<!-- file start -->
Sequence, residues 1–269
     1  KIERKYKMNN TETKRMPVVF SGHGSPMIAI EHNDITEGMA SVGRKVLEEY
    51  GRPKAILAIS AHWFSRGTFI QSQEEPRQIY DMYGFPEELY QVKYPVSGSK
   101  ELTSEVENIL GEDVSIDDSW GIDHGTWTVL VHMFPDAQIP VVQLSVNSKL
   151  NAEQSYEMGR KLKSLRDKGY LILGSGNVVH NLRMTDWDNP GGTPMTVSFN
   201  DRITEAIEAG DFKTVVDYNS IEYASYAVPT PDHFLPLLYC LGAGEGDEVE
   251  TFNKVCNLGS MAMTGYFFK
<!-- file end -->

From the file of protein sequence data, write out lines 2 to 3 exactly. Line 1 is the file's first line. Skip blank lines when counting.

     1  KIERKYKMNN TETKRMPVVF SGHGSPMIAI EHNDITEGMA SVGRKVLEEY
    51  GRPKAILAIS AHWFSRGTFI QSQEEPRQIY DMYGFPEELY QVKYPVSGSK